Meth Addiction and Treatment

As many drugs are exploding like an epidemic through the US, methamphetamine is no different. Methamphetamine is a drug that can give users the sense of increased energy and confidence. It suppresses appetite and in some forms of medical treatment can be used to aid narcolepsy, ADHD and depression.

However, more often than not, meth is used recreationally. As recreational use turns to abuse, and then to addiction, severe side effects from using methamphetamine can be seen. Paranoia, senseless and repetitive behavior (also known as tweaking), extremely impaired judgment and violence, are just a few of the negative effects methamphetamine can have on mental and psychological aspects of one's health. Physically, methamphetamine has equally destructive effects such as irregular heartbeat, fluctuating blood pressure, nausea, loss of teeth, dramatic and dangerous weight loss, skin ailments and of course, an increased risk of contracting STDs.

Like cocaine, methamphetamine comes in many forms and has many names. Sometimes called crystal meth, crank, speed or ice-the drug can be snorted, smoked or injected. Methamphetamine takes such a dramatic effect on the body, especially in the first few doses, which is often considered enjoyable, that the drug by default is extremely addictive. It is also one of the few drugs that can be made at home very cheaply with easily attained materials.

For any person addicted to methamphetamine, treatment is highly recommended if they are to have any chance at living a normal life once again. However, the after effects of prolonged use are so powerful that full-blown meth addicts have serious difficulty following treatment programs. Memory, concentration and decision-making skills are all severely compromised, which is why treatment should be considered as quickly as possible. Recovery from methamphetamine does take a reasonable amount of time, and is lengthened with more severe damage; long-term inpatient treatment is often the best course of action.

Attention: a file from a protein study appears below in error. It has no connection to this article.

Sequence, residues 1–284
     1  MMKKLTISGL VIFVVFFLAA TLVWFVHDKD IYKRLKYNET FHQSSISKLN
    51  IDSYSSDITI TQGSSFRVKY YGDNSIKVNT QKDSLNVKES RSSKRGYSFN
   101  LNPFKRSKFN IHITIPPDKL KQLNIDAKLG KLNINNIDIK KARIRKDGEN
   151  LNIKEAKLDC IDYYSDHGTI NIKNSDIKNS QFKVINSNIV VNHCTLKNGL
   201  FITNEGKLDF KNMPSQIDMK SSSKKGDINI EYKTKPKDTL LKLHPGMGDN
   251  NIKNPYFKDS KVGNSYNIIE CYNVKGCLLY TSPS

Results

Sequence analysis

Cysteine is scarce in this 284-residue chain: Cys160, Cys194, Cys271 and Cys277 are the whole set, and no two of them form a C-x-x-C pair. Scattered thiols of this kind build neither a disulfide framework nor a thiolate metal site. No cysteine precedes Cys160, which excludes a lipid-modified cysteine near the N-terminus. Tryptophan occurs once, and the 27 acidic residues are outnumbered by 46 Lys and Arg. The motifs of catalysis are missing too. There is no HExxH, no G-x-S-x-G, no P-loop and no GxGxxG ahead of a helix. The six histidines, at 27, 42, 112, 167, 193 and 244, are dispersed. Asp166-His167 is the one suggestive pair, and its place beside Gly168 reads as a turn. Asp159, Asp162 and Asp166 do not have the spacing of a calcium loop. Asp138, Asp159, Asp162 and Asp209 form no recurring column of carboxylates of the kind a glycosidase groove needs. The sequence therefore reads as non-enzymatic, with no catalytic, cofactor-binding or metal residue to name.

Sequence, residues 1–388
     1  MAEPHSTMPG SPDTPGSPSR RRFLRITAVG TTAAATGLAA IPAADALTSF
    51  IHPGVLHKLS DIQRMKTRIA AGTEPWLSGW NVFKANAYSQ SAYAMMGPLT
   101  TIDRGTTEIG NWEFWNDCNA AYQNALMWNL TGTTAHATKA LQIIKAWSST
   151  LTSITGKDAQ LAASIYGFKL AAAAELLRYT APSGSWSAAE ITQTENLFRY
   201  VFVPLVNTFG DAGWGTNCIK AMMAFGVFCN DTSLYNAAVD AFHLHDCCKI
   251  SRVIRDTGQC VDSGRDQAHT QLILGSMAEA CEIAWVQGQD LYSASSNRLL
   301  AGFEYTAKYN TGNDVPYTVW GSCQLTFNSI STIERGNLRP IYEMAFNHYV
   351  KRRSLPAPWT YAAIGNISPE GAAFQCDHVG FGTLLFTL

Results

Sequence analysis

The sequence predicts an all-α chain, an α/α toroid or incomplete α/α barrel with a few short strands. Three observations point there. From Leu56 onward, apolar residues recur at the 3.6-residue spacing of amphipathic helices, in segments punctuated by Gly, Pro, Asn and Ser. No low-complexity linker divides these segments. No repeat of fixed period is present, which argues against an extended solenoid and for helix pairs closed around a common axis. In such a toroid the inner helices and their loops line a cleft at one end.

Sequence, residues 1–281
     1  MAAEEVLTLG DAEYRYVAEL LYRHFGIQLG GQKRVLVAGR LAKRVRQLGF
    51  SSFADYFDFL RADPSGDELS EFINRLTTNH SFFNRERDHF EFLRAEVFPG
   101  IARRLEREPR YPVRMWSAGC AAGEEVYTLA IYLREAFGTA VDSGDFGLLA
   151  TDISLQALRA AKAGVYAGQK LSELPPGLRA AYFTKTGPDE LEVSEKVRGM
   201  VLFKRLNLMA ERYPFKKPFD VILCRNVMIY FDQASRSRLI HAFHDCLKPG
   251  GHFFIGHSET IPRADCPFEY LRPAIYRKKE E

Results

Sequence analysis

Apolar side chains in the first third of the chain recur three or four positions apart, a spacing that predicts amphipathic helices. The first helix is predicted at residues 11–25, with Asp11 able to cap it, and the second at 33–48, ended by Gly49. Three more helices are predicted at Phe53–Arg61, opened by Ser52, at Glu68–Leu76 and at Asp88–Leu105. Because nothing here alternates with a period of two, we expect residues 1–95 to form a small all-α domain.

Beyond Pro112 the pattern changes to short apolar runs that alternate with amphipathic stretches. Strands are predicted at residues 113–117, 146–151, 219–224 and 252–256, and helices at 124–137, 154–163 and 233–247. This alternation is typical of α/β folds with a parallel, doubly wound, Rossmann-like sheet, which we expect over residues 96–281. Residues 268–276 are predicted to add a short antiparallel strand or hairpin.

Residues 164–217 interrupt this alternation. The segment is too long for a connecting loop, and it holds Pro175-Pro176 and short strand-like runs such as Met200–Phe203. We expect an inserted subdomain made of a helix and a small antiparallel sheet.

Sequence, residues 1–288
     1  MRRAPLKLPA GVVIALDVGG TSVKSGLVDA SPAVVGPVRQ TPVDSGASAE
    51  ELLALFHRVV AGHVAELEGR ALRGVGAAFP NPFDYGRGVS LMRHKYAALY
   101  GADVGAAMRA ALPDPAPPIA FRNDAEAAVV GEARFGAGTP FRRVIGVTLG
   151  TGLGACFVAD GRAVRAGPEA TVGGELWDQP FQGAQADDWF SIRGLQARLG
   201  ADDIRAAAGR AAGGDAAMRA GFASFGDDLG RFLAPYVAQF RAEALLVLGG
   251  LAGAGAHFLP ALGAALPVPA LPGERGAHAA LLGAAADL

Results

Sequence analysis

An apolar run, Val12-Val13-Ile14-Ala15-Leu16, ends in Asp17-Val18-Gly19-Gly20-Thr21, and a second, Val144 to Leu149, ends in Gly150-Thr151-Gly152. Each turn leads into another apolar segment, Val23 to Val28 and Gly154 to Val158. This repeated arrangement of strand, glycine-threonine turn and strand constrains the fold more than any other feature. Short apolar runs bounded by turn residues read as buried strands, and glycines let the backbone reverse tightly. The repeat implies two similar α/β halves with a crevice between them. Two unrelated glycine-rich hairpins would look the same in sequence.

Meth addicts benefit most when involved in a treatment program that is designed to compensate for some of the mental and emotional lows that occurs during the length of the withdrawal period. Some examples are treatments that offer highly structured and intensive programming in response to needs in all areas of life. Treatments that last for at least three months, or preferably a year, have replied in higher success rates as well.

One of the most effective forms of treatment available to methamphetamine addicts is cognitive behavioral therapy, or CBT. This form of therapy teachers meth addicts how to understand why they use, what type of situations or groups of people give them the urge to use, how to avoid cravings, and finally, how to deal with desires when they occur. CBT offers real-world approaches and strategies that have been proven to work on rehabilitating meth addicts.

Two other forms of treatment for methamphetamine addiction include contingency reinforcement, and the 12 step approach. In contingency reinforcement, a therapist application principals based on positive reward reinforcements when treatment goals are reached. Some goals could be a clean drug test, or reaching a sobriety milestone, while the rewards that follow are typically restaurant vouchers, movie tickets, or other small rewards. Studies have shown that these small positive rewards greatly help to improve treatment retention. The 12 step process includes various support structures such as individuals and meetings found in Narcotics Anonymous. Although the 12 step process is not recommended as a single treatment method for those added to methamphetamine, recent research shows that evolution in the 12 step approach along with other treatment options indicated in a better than normal exit.

For those added to methamphetamine, there is a silver lining to the long detoxification process. Although there is no medication that can aid the meth detox process, it has been found that the entire ordinal is not life threatening. Unlike heroine and a few other drugs, detoxification from methamphetamine is not life threatening and does not need to take place in an inpatient setting. However, this does not include pre-existing conditions that may need medical care such as dermatology or dental care.

The key to fighting methamphetamine addiction, which may stand truer than fighting any other form of addiction, is the necessity to be genially immersed in the treatment. Family, friends, and even coworkers should be involved in the process. The more people involved in the addict's life, who can provide support, the better the chance for the recovering individual to fully rehabilitate.

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